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The ‘Risk Compensation’ factor: Do in-car safety features make our driving any safer?

In recent years the introduction of airbags, ABS braking systems, traction control and other safety features has undoubtedly made driving safer by reducing the chances of the driver being involved in a collision. While these developments have clearly increased the safety ratings of the vehicles we drive, do they actually make our driving safer?

A great deal of research has examined how our driving changes when additional safety features are introduced. One of the first researchers to suggest this pattern of driving behaviour was Gerald Wilde in the 1980’s, who proposed the ‘risk homoeostasis’ theory, more commonly referred to as “risk compensation”.

According to this hypothesis, each driver has a certain level of risk that they are willing to take when driving and this level is maintained regardless of how many safety features the vehicle has. Essentially, if someone is prepared to drive in a risky manner, they will increase the riskiness of their driving when they are in a vehicle with many safety features.

Since then, research has examined how people adjust their driving behaviours in response to a wide range of different safety devices.

In a series of studies throughout the 1990’s Fridulv Sagberg and colleagues from the Institute of Transport Economics examined how driving behaviours change when safety devices are introduced. In one study they considered how the use of ABS and airbags influenced the driving behaviours of taxi drivers. One of the key differences they found was that seatbelt usage decreased and drivers tended to adopt close following behaviours when the taxi was fitted with ABS.  In another study the research group found that improved street lighting was associated with faster driving speeds and reduced concentration.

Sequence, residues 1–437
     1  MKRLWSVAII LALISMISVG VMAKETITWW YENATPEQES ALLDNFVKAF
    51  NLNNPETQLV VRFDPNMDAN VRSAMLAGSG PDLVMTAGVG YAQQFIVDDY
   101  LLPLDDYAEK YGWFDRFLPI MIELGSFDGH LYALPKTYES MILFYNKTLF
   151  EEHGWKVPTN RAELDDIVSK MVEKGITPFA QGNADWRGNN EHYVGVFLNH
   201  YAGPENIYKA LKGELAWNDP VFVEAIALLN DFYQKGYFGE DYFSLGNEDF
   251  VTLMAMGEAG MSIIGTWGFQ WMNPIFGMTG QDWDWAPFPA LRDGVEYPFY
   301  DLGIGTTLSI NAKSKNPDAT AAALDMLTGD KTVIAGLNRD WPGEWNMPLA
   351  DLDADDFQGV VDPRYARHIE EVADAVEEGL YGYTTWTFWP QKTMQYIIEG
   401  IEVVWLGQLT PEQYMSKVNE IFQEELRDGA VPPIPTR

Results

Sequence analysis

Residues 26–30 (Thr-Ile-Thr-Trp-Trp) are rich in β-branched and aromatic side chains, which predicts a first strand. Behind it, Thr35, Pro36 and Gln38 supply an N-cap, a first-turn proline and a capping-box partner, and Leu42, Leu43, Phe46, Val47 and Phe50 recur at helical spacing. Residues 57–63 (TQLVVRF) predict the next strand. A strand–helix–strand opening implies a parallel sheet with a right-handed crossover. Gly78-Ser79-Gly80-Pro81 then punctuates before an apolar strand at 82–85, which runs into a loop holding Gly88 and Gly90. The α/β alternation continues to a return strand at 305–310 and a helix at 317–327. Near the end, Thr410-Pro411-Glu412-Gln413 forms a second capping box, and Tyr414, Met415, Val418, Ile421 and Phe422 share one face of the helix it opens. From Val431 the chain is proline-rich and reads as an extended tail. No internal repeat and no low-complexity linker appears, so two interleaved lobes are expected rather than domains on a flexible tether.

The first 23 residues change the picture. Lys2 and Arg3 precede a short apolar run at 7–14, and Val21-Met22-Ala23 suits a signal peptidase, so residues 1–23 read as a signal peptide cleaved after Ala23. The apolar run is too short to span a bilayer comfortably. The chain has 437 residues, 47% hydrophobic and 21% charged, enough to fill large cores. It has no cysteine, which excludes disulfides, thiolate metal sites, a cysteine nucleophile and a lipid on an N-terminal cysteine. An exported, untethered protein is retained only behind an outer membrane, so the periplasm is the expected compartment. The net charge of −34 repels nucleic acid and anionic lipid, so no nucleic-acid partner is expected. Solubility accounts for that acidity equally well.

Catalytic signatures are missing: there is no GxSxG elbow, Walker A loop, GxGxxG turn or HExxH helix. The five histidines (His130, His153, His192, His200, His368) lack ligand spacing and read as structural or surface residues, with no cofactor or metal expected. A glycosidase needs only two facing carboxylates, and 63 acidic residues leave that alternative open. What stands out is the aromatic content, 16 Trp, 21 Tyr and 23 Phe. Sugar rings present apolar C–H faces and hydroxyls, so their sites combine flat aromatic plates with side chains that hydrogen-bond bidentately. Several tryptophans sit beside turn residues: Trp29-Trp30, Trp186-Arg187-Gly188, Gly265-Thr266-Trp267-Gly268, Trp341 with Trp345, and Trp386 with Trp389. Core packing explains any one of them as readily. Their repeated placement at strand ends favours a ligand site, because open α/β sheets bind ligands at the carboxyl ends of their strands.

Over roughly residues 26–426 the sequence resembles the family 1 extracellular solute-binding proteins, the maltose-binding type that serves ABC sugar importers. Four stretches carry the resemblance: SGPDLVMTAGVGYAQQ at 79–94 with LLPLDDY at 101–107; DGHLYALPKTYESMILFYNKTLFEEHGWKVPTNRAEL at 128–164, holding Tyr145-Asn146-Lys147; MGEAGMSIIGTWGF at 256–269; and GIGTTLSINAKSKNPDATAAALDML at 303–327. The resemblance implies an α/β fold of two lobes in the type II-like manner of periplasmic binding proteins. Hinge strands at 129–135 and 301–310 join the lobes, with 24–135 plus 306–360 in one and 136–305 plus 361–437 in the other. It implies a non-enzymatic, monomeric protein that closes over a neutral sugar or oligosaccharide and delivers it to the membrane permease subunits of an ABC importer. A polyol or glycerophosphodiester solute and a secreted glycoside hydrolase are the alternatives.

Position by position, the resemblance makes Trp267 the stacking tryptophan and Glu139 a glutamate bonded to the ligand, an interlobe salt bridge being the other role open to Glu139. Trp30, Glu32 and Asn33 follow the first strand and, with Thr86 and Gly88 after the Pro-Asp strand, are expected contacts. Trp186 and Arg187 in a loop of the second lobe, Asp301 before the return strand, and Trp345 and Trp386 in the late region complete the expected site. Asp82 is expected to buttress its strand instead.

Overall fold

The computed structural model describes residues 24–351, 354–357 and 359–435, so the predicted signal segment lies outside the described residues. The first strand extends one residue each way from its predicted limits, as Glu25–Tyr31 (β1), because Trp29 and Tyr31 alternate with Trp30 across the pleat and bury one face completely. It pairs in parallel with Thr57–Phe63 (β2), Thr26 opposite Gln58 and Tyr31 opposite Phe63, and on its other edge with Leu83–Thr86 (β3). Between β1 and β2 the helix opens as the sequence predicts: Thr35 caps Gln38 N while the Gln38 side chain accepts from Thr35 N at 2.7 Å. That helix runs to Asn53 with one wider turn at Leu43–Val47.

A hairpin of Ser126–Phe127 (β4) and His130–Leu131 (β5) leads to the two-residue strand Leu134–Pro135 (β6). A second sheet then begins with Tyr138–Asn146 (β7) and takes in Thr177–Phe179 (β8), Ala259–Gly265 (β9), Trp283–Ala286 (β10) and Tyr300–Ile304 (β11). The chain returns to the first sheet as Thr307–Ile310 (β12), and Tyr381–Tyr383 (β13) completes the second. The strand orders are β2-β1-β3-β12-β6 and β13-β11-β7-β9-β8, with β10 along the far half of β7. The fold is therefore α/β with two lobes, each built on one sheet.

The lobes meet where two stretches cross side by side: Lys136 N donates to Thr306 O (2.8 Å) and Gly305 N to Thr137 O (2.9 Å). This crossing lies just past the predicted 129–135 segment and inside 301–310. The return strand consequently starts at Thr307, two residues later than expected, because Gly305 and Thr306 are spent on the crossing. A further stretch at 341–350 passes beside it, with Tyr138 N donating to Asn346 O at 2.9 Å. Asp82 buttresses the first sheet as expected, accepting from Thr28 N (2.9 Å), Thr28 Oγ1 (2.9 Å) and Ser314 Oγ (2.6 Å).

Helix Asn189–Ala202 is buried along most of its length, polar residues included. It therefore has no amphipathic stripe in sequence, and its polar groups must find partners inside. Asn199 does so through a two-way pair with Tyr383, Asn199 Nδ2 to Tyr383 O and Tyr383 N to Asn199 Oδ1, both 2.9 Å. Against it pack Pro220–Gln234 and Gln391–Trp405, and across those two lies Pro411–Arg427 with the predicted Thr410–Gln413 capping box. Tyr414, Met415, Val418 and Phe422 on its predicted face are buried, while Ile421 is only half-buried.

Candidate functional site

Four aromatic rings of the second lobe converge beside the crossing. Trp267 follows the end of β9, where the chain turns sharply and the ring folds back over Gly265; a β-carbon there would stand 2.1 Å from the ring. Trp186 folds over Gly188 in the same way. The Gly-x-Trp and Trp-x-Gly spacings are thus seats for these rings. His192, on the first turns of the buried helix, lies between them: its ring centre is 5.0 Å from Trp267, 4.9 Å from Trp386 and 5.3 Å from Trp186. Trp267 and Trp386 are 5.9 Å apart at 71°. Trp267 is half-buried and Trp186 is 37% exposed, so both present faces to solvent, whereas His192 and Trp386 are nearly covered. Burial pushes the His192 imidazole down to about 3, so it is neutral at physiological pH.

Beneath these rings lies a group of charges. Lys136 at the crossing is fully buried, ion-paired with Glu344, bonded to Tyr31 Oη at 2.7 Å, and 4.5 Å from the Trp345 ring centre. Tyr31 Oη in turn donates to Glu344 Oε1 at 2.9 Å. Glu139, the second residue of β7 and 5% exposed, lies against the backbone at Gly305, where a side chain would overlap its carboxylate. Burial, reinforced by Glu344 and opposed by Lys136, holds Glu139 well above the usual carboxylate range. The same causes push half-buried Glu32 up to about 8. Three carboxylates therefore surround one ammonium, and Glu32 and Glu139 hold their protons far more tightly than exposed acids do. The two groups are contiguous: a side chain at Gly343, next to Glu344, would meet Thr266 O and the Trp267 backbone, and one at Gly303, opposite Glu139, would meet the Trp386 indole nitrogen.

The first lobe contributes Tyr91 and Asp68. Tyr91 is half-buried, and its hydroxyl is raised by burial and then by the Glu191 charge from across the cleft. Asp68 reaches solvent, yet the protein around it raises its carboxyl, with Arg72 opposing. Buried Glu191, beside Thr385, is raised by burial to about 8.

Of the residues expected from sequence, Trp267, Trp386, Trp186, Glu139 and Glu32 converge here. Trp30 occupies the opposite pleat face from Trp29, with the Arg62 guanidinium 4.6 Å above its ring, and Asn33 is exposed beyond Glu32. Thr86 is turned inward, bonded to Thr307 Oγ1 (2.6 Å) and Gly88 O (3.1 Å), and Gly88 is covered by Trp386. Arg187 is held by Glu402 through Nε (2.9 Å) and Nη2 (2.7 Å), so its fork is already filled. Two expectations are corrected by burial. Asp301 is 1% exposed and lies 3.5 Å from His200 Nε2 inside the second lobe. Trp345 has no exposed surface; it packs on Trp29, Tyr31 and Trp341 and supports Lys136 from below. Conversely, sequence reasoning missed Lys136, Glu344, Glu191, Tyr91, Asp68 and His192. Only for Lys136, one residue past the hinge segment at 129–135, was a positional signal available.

One interesting development of the risk compensation hypothesis is that drivers adapt their behaviours differently for different safety devices. An example would be ABS, a dynamic device designed to reduce the risk of a collision occurring, as opposed to non dynamic devices designed to reduce the risk of injury, such as airbags.

Sagberg suggested that people are far more likely to engage in risk compensation behaviours when driving a vehicle with collision avoidance mechanisms, so increasing the riskiness of their driving. In contrast, no compensation or change in the riskiness of their driving seems to occur when driving a vehicle with injury-reducing devices. This seems to suggest that people are willing to risk having a crash, but not to be injured as a result.

One important point to remember about risk compensation behaviours is that they are not a conscious decision. People do not decide to drive in a riskier manner just because they have air bags and ABS brakes. Instead, people unconsciously adjust their acceptable levels of risk according to the safety features of the vehicle they are driving.

To improve safety and reduce risk when driving it is important to understand how driving styles might adjust according to the vehicle being driven. Regardless of how many safety features might be installed, the most important and effective source of safety is the driver. Awareness of the risks that you take when driving and techniques that can be adopted to reduce risk taking is still clearly the best way to avoid a collision.

Dr Victoria Bourne  (BA Hons, DPhil)

Consultant to Driving Risk Management Limited

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